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It’s Thanksgiving, not the last supper

Thanksgiving is right around the corner and for many people trying to watch their weight, this holiday holds an air of excitement, as well as anxiety. This meal, out of all the meals in a year, is the one that has all of mom’s best recipes — the ones that conjure up childhood memories.

It is not, however, the last supper. Remember these practical tips to enjoy all the celebration without going overboard.

Eat earlier in the day.

If possible, try to have the big Thanksgiving meal around noon. This serves two purposes. The first purpose is that it allows time for a brisk walk following the meal, which brings me to my next bit of advice…

Make time for a family walk.

Do not underestimate the power of even a 10 minute brisk walk. Make this walk a family affair. When people ask what they can bring, just say, “tennis shoes.”

Related: Eat this, not that, to avoid holiday heartburn

Spread the food out.

The second purpose of eating earlier is that it allows another meal in the same day where all the foods not tried at the first meal can be eaten at the evening meal. So, all the foods at the table do not have to be eaten at once.

Make the first bite count.

Another thing to keep in mind is that the first bite that hits the tongue is the most powerful. It is what sends a ‘zing’ of sensation to the brain.

Most people eat so fast that that first bite bypasses the tongue and the brain never gets its pleasure. So, make the first bite count — choose a favorite food and then let it linger on the tongue just a moment so your brain has time to recognize it.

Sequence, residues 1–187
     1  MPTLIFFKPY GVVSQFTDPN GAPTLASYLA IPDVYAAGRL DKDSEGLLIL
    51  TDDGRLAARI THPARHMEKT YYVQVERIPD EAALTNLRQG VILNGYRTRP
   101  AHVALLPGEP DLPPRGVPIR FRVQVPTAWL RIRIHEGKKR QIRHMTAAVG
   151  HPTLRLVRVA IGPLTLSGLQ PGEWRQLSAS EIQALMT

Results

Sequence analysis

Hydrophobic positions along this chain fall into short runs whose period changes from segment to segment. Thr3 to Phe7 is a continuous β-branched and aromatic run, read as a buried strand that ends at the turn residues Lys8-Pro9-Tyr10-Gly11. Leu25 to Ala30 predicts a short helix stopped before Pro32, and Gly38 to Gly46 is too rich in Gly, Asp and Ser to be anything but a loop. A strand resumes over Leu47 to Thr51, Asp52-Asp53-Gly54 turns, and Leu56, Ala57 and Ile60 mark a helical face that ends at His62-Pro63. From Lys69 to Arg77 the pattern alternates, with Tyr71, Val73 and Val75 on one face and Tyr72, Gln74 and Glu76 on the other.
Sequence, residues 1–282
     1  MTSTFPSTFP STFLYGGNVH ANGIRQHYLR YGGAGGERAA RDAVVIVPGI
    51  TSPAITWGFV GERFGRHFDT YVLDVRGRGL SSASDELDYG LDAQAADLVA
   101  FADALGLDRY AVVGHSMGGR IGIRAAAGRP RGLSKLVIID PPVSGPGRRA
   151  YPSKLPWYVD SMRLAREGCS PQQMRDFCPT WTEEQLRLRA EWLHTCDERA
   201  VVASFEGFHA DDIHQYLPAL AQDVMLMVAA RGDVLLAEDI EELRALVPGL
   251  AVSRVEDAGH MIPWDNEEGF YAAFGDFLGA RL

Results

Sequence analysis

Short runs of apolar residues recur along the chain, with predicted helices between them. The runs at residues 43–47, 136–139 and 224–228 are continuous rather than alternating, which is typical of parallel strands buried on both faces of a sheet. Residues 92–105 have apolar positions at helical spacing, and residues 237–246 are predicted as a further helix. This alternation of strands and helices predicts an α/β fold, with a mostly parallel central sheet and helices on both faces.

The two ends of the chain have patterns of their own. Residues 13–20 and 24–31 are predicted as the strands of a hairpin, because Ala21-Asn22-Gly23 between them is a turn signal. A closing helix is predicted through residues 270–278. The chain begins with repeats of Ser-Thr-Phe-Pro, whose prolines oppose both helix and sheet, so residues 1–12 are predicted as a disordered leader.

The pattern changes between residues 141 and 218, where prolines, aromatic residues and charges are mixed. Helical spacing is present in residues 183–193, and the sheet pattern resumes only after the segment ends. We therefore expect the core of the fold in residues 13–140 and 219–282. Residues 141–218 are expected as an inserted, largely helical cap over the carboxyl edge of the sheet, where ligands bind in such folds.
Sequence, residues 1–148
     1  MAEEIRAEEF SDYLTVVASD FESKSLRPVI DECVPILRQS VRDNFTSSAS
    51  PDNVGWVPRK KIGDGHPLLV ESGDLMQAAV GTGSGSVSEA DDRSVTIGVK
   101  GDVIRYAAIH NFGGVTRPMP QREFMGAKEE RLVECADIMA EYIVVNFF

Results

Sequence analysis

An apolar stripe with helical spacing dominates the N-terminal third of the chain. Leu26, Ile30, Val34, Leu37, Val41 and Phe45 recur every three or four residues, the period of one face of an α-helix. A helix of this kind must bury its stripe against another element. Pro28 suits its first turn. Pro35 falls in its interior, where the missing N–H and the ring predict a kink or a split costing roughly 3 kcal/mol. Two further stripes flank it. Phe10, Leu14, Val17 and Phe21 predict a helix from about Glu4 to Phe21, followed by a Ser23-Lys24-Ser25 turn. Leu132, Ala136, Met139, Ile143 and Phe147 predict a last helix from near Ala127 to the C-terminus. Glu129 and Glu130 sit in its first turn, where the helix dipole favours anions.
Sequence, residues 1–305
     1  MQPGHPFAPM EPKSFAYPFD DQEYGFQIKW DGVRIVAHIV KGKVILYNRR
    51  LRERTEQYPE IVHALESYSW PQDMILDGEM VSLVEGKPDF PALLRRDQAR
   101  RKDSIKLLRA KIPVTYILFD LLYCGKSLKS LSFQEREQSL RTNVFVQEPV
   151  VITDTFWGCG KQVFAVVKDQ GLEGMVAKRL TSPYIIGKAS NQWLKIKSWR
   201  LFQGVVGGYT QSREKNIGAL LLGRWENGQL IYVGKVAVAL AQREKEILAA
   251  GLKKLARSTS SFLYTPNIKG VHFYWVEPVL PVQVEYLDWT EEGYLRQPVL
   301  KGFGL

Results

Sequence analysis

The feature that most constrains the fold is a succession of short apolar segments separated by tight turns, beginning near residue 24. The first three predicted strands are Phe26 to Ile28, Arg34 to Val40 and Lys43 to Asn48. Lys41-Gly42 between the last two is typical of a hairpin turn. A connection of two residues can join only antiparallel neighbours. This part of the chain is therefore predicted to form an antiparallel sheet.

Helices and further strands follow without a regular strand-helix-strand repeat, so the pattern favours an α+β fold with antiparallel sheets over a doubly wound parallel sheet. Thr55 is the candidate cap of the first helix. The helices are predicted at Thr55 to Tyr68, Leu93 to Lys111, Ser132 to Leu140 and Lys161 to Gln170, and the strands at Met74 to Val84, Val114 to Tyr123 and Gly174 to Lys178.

Related: How giving gratitude impacts your health

Eat slow.

Put the fork down between bites and aim to make that one plate last 20 minutes — that is how long it takes for your brain to acknowledge fullness. If you eat fast, it is possible to eat double the amount you actually need before that 20 minutes is up. So, take it slow.

“Explore."

Ditch the “family style” setup.

The final tip is to avoid placing the food to be served on the table. We want what we see, so put it on a counter out of sight and it may save you some additional calories.

Remembering these tips can help you relieve any anxiety about holiday food. But keep in mind that this is just one meal. Don’t be afraid to celebrate and indulge a little, but be smart and have a game plan.

Searching for wellness advice you can trust? We’ve got your back.

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About the author

Raynelle Shelley
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Raynelle Shelley, R.D., is a Certified Diabetes Educator and a Board Certified Advanced Diabetes Manager with a Master's Degree in Nutrition. She has been on staff at Baylor Scott & White - Round Rock since 2011 working with adults on their nutrition and exercise plans while helping them understand the relationship between lifestyle and diabetes management. Raynelle is also a certified insulin pump trainer and certified to place continuous glucose monitors. Although she sees a variety of nutrition-related conditions in her practice, diabetes is her area of expertise with a personal mission to help those with diabetes live a high-quality life. Her motto is "all foods fit."

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It’s Thanksgiving, not the last supper